by AMAN BATHEJA
More than a decade after Texas cities began installing red light cameras at major intersections, the controversial traffic enforcement tool is emerging as a point of debate in the 2014 race for Texas governor.
in the 2014 race for Texas governor.
|In San Marcos
► Some TxDOT intersections in San Marcos and elsewhere in Hays County are outfitted with cameras intended to monitor traffic flow. But neither San Marcos nor Kyle or Buda use red light cameras for issuing citations or collecting fines.
More than 500 U.S. cities have red light camera programs, including 62 in Texas, according to the Insurance Institute for Highway Safety. The cameras snap images or video of vehicles that run red lights, allowing cities to mail a ticket to each vehicle’s owner based on license plates. Some Texas cities have employed the cameras to issue tickets for violations beyond red light running, such as a driver failing to come to a complete stop before turning right on red.
While supporters of the cameras insist they reduce accidents, critics argue that they trigger more collisions and that cities employ them largely as moneymakers. Some view the images and videos collected by the cameras and stored by public entities as a threat to civil liberties.
“Both the advocates of red light cameras and their detractors have a point,” Attorney General and Republican gubernatorial candidate Greg Abbott told a North Texas Tea Party group last month. “One emphasizes safety, and the other emphasizes privacy.”
Several studies have found the cameras can reduce so-called T-bone accidents but may also increase rear-end collisions. Researchers with the Texas A&M Transportation Institute recently analyzed data from 32 Texas cities and found that T-bone crashes declined 24 percent while rear-end collisions increased 37 percent at intersections that had the cameras installed. The authors concluded that site selection is key. The cameras appeared to “provide a significant safety benefit” at intersections where crashes related to red light running had previously occurred with a certain frequency, they wrote.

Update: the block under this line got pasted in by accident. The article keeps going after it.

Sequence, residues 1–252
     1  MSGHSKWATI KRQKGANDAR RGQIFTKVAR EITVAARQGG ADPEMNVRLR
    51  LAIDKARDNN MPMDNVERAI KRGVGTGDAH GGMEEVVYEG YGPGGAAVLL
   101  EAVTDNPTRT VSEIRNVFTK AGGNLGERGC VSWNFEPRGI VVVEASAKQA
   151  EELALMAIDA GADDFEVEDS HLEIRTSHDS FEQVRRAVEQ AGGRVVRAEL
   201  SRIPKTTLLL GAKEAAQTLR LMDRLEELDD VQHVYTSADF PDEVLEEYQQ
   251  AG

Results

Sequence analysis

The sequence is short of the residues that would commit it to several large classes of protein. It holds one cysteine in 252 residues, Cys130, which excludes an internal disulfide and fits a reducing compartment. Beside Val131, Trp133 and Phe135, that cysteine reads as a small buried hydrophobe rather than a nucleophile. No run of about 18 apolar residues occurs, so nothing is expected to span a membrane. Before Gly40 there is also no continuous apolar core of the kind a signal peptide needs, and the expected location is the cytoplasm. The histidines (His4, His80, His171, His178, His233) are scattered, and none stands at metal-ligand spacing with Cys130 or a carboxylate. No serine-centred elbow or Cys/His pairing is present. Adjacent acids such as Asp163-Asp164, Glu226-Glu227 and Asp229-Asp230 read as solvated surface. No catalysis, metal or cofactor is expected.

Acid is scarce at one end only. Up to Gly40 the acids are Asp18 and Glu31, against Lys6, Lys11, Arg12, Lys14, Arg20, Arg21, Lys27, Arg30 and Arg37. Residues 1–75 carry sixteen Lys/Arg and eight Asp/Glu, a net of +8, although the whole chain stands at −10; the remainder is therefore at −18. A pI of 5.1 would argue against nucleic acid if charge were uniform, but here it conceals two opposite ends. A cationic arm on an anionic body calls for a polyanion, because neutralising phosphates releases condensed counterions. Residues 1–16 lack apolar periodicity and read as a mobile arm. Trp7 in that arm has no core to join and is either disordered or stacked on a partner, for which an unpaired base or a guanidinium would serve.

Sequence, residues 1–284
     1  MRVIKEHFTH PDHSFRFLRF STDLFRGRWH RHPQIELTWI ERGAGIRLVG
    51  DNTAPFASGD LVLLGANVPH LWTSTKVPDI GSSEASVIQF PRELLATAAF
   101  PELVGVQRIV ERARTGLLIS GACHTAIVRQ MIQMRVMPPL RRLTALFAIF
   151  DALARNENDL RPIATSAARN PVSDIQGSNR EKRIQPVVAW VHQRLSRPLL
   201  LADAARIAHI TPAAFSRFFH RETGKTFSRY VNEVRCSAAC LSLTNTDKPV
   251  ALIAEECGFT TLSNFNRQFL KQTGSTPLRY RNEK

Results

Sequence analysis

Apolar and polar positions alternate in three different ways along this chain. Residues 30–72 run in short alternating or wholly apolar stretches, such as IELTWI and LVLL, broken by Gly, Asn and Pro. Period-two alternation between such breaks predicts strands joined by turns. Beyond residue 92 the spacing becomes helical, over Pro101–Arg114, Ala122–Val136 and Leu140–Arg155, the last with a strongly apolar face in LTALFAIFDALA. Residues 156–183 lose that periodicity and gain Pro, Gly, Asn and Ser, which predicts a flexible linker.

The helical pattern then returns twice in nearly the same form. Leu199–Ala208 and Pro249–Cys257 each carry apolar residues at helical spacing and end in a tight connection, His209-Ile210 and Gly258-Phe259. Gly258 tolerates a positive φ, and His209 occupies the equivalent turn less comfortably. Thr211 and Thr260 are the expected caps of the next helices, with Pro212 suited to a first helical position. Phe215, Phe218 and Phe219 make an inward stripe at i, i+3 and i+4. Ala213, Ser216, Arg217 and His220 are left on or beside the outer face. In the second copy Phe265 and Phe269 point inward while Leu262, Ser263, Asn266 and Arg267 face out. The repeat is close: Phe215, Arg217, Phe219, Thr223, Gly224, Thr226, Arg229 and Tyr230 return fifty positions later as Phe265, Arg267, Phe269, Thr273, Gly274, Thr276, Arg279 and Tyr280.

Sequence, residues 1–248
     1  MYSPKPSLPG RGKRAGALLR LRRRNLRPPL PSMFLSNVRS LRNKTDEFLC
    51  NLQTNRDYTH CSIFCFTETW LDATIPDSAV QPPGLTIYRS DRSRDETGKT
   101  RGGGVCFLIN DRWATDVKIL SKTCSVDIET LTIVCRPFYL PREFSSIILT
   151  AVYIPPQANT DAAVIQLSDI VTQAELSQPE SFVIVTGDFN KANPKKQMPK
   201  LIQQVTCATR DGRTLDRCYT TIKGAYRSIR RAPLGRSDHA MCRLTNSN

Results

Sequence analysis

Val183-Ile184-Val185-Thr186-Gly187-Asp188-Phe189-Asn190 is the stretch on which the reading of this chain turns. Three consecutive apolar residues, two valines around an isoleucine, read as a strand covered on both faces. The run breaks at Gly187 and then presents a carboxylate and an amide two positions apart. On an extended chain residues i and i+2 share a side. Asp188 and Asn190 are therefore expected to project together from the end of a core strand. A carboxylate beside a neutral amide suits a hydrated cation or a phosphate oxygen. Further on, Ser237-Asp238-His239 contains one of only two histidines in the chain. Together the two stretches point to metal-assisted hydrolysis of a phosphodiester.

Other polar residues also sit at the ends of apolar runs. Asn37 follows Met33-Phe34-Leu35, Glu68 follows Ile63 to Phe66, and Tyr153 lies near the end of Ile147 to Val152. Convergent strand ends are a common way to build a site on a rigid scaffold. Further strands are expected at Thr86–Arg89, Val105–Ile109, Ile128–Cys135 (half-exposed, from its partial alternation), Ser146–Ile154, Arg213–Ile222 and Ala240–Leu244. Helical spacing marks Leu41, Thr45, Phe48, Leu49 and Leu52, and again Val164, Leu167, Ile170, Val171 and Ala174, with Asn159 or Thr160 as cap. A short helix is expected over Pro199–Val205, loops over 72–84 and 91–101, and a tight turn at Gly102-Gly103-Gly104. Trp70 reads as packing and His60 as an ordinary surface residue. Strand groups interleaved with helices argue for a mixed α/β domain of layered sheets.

The Texas Legislature has tweaked the way cities can operate the programs. Unlike other traffic violations, tickets from the red light cameras can only be civil violations, meaning a ticket cannot factor into a Texan’s driving records and failure to pay a fine cannot be reported to credit bureaus. Some cities have managed to block drivers with unpaid tickets from renewing their state vehicle registration. Cities must send a portion of the revenue from fines to a state fund for regional trauma centers. Repeated efforts to ban the cameras in Texas have failed.
Abbott said he supports making it easier for resident groups to repeal a city’s red light camera ordinance. While such initiatives have been successful in the past (Houston ditched its camera program after voters banned them in 2010), Abbott argued that some Texas cities place an unfairly high threshold for residents to challenge such ordinances. He’s proposed changing state law to require every Texas city to accept a petition to put the issue to a citywide vote if it’s signed by at least 10 percent of the voters who cast ballots in the most recent presidential or gubernatorial election, whichever is more recent.
“I believe it should be up to you the people to decide whether or not red light cameras are right for the community,” Abbott told Tea Party activists in Bedford.
Abbott could bring up the issue in the general election, as state Sen. Wendy Davis of Fort Worth, the front-runner for the Democratic gubernatorial nomination, has supported the technology in the past.
Former Texas Workforce Commission Chairman Tom Pauken, before dropping out of Republican the race last week, criticized Abbott for not backing the Texas Republican Party’s platform, which calls for banning the technology entirely.
“I don’t think the safety argument holds water,” Pauken said. “It’s really a revenue effort.”
Pauken said Abbott’s position puts him in line with Davis, who was on the Fort Worth City Council in 2007 when it voted unanimously to adopt its own red light camera program.
“Sen. Davis supports current law that gives control to municipalities and requires a portion of the funds to go to trauma centers and traffic safety programs,” Davis spokeswoman Rebecca Acuña said.
Davis has not brought up the issue since launching a campaign for governor in October.
AMAN BATHEJA reports for The Texas Tribune where this story was originally published. It is made available here through a news partnership between the Texas Tribune and the San Marcos Mercury.Email | Print